How To Handle The Death Of A Tenant

As a landlord, you may experience the untimely death of a tenant. It’s an emotional time for the tenant’s family, and it’s a situation that requires sensitivity and fairness. Here are some steps that you can take to alleviate stress from the situation.

Notify emergency contact and identify executor

Be sure to contact the right people. Contact the police right away if you’re the one who discovers your tenant, and leaves the property exactly as you found it. In this situation, you’ll be contacting the person who your renter listed as their emergency contact.

The executor may be different from the emergency contact, so this is good information to know. The executor handles the financial decisions of the deceased, so this will be the person you will be in touch with regarding rent and the security deposit.

Secure the property

After you find out that your current renter has passed away, it’s best to secure the property as soon as possible. The unit may be vulnerable to theft for a number of reasons. An unoccupied rental is always at risk for a break-in. The tenant’s relatives may come by the rental to claim property, and they may already have a key. Change locks and make sure that the building is secure so that you will know who is coming in and out of the property.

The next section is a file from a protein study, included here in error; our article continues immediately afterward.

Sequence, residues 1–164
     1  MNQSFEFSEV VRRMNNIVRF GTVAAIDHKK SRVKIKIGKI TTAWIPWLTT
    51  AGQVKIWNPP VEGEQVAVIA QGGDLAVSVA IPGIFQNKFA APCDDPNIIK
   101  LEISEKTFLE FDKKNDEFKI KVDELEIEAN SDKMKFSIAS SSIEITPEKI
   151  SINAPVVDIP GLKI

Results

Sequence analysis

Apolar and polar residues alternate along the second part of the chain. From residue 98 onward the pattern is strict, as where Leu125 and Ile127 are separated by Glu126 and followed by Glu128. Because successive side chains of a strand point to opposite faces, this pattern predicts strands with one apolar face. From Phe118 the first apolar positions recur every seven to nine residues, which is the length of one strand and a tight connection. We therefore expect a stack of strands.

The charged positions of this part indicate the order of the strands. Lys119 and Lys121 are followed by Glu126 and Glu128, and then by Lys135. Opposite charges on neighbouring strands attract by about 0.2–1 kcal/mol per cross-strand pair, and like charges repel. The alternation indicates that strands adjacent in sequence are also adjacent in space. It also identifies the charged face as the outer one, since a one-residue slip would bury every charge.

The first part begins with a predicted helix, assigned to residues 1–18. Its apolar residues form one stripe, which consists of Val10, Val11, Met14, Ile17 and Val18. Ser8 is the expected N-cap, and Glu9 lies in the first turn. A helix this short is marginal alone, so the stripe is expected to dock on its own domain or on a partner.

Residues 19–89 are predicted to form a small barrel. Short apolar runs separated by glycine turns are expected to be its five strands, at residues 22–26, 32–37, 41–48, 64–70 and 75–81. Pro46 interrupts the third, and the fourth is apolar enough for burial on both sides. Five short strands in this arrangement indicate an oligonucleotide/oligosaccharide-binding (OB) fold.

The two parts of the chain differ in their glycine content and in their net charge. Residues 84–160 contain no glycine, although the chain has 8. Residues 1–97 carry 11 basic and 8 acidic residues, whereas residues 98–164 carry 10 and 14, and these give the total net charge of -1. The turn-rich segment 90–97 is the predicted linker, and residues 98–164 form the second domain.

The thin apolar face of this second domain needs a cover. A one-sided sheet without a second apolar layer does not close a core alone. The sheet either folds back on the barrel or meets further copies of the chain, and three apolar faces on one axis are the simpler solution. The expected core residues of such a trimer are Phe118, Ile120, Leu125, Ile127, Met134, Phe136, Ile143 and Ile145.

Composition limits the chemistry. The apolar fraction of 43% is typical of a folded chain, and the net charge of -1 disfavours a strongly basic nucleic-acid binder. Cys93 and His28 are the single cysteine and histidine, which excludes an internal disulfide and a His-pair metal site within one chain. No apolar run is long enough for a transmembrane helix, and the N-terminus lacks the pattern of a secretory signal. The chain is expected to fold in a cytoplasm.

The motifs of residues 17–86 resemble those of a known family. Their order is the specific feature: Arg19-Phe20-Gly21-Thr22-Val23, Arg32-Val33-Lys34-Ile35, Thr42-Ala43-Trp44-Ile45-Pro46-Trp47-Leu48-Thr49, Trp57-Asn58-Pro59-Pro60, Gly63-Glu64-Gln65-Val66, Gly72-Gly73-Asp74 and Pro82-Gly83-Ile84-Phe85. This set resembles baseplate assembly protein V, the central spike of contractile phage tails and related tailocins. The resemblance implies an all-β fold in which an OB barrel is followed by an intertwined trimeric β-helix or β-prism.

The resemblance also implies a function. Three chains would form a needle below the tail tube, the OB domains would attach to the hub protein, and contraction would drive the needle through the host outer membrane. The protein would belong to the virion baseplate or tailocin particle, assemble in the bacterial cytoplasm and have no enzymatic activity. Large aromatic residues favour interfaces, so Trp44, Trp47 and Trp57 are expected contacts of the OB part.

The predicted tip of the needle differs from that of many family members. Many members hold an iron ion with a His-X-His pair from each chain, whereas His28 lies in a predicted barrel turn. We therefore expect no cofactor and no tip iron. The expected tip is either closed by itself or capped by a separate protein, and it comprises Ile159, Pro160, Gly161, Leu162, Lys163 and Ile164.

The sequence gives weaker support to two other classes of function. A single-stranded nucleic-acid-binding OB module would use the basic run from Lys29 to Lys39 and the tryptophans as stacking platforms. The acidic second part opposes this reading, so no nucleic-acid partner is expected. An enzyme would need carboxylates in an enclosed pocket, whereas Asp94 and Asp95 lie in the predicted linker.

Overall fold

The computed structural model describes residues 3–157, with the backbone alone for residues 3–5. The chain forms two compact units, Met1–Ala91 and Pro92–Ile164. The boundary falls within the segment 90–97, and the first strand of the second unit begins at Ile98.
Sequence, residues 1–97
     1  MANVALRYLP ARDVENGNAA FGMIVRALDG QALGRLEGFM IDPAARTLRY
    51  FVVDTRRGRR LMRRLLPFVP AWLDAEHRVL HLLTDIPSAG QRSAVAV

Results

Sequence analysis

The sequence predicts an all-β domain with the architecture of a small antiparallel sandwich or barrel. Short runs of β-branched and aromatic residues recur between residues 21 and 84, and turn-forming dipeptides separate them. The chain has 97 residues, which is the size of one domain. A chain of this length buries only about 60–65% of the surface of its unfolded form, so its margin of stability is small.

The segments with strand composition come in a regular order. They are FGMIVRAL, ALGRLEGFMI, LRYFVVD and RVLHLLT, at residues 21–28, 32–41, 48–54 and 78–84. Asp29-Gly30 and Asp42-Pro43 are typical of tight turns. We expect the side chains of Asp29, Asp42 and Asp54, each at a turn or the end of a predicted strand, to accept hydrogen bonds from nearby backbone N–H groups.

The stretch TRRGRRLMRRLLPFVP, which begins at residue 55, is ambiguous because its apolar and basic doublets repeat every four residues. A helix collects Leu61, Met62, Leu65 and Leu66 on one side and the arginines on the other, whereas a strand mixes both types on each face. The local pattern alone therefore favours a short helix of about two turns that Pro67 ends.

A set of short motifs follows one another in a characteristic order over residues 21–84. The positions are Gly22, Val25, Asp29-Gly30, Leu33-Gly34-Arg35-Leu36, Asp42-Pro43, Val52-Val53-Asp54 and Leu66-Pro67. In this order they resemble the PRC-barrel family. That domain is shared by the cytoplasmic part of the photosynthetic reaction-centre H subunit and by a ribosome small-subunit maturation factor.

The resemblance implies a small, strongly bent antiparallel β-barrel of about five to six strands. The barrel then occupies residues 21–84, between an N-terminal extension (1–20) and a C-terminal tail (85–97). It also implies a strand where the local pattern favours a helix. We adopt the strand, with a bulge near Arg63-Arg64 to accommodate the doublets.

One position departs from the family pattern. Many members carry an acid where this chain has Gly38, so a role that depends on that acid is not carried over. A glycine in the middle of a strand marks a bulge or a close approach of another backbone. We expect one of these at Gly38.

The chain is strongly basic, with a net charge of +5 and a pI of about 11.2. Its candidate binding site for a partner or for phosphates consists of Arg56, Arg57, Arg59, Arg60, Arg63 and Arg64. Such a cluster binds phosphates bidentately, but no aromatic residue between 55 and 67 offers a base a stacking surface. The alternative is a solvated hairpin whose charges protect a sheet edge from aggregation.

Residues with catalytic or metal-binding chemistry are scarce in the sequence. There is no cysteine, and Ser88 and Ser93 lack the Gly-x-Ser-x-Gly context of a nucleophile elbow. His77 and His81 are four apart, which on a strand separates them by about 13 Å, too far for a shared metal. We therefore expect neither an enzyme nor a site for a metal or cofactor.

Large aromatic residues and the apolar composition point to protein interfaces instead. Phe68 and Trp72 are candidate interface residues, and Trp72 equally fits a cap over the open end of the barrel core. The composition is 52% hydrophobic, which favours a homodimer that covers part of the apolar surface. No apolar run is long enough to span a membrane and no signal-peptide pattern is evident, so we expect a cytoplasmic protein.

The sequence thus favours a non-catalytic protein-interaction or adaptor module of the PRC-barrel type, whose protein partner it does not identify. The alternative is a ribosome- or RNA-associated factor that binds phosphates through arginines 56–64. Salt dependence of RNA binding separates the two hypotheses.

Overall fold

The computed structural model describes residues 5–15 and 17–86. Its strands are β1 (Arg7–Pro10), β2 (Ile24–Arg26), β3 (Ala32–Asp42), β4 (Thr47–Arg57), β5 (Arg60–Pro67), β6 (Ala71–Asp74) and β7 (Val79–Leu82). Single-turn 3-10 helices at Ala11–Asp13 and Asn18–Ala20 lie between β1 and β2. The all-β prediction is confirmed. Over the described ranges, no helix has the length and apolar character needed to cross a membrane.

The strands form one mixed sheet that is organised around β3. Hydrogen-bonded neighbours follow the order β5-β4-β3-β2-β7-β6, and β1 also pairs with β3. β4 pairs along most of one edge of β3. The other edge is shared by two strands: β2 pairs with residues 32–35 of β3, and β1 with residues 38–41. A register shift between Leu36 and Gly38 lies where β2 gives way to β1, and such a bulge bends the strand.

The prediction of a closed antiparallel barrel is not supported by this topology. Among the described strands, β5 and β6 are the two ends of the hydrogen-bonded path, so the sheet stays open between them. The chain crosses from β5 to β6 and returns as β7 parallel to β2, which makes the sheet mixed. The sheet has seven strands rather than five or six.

Know what happens to the lease

The lease does not automatically terminate at the renter’s death. If your renter had a long-term lease, then they are responsible for rent for the duration of the lease period. You can work with the executor to come to an agreement on this. For instance, if the tenant passed away near the beginning of a longer lease period, you probably don’t want the property to sit vacantly and the executor probably does not want to pay for additional months of rent.

On a month-to-month lease, the tenant’s passing acts as a 30-day notice. The executor or the estate is responsible for rent for the 30 days after the notice. In both situations, you can work with the executor to have possessions moved out in order to ready the home for a new tenant.

Have the family sign a release

Specifically, you can use a Release to the Rights of Possession form. This form states that the tenant has ended their occupancy of a rental unit and that they have removed all of their possessions. It can help avoid disputes over property that may come up in the future.

Return the security deposit

The deposit may be applied towards damages, unpaid rent, or other items outlined in the lease. In the event that the renter’s untimely death was less than peaceful, you may need to spend more time and money clean and repair the unit for the next renter. Unused security monies can be returned to the executor. Be sure to comply with your state’s law regarding security deposits.

The death of a loved one is a difficult time for a family. You find that you need to treat the situation a little differently, so it’s good to know what your rights are. Be considerate about a timeline for the bereaved, but make sure that your property is protected and can be rented back out in a reasonable amount of time.

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